Immigration powers: Gove giveth, Mundell taketh away | Autonomy Scotland

Immigration powers: Gove giveth, Mundell taketh away

Sturgeon’s plan was to keep Scotland in the Single Market

In Nicola Sturgeon’s foreword to “Scotland’s place in Europe”, she wrote the following.

It stands to reason that the proposals we put forward in this paper fall short of what we consider to be the best status for Scotland and the UK – full membership of the EU.

However, they are designed to mitigate – as far as possible – the real and serious risks for Scotland caused by being taken out of the EU against our will. Firstly, we argue that the UK as a whole should remain within the European Single Market – through the European Economic Area – and within the EU Customs Union. Secondly, we consider how Scotland could remain a member of the European Single Market and retain some key benefits of EU membership even if the rest of the UK decides to leave.

We recognise and explore the significant practical challenges involved in implementing such proposals. We do not underestimate the scale of those challenges.

One of the challenges she was alluding to was the moving of powers over immigration from Westminster to Holyrood.

Scotland needs those powers because we have a massive demographic time-bomb which clashes with the anti-immigration stance that drove Brexit. For a long time now immigration policy set at Westminster has been detrimental to Scotland and the signs are that this is going to get worse after Brexit.

However, of all the challenging proposals in Sturgeon’s post Brexit plan, devolved immigration powers didn’t seem too insurmountable. You see, before the Brexit vote Michael Gove, who was then a UK government minister promised Scotland would receive those powers.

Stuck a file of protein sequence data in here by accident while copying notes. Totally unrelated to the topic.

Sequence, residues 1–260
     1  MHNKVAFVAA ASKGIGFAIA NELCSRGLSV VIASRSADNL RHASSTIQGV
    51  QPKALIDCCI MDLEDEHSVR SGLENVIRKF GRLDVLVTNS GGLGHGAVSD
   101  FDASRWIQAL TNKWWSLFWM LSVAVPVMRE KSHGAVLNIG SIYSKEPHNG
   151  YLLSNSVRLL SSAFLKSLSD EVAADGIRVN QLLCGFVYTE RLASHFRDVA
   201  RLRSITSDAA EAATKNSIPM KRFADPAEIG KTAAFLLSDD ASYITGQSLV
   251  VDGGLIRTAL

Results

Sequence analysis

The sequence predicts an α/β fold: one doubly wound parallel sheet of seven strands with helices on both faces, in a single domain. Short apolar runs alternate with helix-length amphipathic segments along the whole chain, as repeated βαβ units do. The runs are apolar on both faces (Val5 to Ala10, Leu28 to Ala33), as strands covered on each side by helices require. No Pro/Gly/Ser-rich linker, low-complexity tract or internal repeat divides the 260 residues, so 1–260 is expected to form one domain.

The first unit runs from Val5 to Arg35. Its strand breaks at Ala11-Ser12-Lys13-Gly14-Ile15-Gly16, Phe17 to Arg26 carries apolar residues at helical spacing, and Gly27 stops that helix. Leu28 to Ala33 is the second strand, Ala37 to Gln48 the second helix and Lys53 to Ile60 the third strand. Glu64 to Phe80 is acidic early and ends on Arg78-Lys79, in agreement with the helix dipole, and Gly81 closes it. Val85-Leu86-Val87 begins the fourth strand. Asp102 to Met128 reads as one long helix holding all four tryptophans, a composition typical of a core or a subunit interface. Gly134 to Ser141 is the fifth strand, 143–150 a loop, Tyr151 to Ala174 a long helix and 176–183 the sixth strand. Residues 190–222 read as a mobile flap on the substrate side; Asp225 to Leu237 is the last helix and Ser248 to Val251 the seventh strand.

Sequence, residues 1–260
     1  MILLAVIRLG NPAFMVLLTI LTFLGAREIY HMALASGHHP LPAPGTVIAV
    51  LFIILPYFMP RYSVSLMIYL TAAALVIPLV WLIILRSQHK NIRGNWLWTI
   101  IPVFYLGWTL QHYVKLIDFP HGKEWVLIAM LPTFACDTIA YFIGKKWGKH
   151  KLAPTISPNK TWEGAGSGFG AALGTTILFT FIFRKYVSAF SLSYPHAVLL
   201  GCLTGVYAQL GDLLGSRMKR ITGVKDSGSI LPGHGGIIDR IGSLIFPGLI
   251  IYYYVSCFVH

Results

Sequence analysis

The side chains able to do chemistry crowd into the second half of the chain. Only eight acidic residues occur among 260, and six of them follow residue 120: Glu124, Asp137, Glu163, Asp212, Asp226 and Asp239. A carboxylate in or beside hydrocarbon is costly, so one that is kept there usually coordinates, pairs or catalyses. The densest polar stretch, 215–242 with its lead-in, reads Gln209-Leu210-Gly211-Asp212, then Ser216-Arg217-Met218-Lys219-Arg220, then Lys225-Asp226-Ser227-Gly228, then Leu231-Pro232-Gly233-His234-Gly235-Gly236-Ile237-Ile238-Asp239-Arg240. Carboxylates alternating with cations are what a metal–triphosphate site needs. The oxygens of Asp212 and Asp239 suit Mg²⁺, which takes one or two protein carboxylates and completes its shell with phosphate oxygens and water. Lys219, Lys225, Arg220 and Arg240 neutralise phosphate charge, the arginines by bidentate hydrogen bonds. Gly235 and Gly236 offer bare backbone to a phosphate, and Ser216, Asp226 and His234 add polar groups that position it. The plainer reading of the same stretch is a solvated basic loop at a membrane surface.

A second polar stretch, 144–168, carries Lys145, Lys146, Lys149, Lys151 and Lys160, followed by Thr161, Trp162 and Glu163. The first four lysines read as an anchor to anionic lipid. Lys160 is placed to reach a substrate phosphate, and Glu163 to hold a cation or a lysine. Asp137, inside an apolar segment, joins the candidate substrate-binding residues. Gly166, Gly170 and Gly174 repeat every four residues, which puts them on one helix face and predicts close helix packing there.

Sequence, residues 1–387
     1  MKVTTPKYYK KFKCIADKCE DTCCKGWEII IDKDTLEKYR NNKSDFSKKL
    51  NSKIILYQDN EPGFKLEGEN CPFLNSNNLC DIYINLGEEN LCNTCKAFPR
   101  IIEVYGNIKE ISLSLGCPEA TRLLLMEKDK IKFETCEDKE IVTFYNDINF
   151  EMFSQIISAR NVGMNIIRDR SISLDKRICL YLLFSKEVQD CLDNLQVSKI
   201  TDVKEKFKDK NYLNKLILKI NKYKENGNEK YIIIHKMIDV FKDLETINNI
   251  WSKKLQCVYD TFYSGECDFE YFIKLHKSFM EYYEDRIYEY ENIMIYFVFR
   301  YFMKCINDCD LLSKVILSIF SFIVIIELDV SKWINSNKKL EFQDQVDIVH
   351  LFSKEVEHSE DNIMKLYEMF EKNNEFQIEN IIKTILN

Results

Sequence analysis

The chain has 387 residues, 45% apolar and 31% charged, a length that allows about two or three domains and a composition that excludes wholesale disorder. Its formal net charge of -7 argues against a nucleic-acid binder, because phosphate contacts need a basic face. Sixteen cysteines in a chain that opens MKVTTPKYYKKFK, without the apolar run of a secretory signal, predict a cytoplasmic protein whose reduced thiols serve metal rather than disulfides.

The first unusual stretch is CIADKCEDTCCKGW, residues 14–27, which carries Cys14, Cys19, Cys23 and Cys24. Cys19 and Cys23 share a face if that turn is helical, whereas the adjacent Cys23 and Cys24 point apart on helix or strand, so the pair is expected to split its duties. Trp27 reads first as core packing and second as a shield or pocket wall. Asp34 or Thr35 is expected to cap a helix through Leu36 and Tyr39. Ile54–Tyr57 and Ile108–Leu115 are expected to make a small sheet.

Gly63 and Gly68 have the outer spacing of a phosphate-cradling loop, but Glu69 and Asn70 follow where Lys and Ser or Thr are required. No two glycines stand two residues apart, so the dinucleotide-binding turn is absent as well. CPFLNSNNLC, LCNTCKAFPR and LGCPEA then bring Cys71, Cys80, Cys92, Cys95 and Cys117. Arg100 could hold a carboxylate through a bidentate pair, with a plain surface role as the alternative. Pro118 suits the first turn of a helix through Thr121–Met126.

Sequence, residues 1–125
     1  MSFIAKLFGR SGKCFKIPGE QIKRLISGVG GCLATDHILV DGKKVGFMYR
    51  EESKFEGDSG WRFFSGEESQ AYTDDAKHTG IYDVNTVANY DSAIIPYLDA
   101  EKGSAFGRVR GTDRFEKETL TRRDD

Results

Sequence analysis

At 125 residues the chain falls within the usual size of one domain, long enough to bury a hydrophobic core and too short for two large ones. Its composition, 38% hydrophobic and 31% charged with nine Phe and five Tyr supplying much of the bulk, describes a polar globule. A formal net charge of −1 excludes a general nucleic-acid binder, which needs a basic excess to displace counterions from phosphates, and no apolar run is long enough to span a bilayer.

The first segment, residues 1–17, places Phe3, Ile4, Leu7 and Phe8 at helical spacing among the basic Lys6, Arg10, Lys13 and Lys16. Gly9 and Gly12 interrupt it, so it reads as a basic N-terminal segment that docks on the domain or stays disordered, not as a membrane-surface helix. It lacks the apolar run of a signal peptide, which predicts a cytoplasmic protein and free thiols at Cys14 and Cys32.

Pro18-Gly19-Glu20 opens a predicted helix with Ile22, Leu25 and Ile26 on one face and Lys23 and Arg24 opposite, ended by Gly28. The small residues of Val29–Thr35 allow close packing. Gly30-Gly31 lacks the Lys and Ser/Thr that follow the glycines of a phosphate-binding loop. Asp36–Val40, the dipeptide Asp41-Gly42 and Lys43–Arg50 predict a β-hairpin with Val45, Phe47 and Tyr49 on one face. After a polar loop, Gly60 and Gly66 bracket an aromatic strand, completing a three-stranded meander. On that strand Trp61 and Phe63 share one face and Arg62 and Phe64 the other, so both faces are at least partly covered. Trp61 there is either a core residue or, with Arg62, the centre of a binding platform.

Gove’s retracted promise.

Predictably, this week that promise has been well and truly retracted by the Scottish Secretary David Mundell.

gove mundell

The Right Hand Giveth; The Left Hand Taketh Away

How not to stay in the EU

This means that Sturgeon’s compromise position of Scotland remaining in the EU Single Market is not going to happen.

As we have talked about many times, Scotland’s constitutional situation means that our country has very little control over its fate.

That’s why, just like in the case above, time and time again the UK government can tell us one thing and then do another. From the key promise of Better Together keeping us in the EU and the UK being a partner of equals, to the Post Brexit repatriation of control of fishing and farming. It was all a great ruse to shepherd us into the Tory dominated post-Brexit UK.

We really need to decide once and for all if we are happy to remain a region of the UK or if we want to be a proper country.

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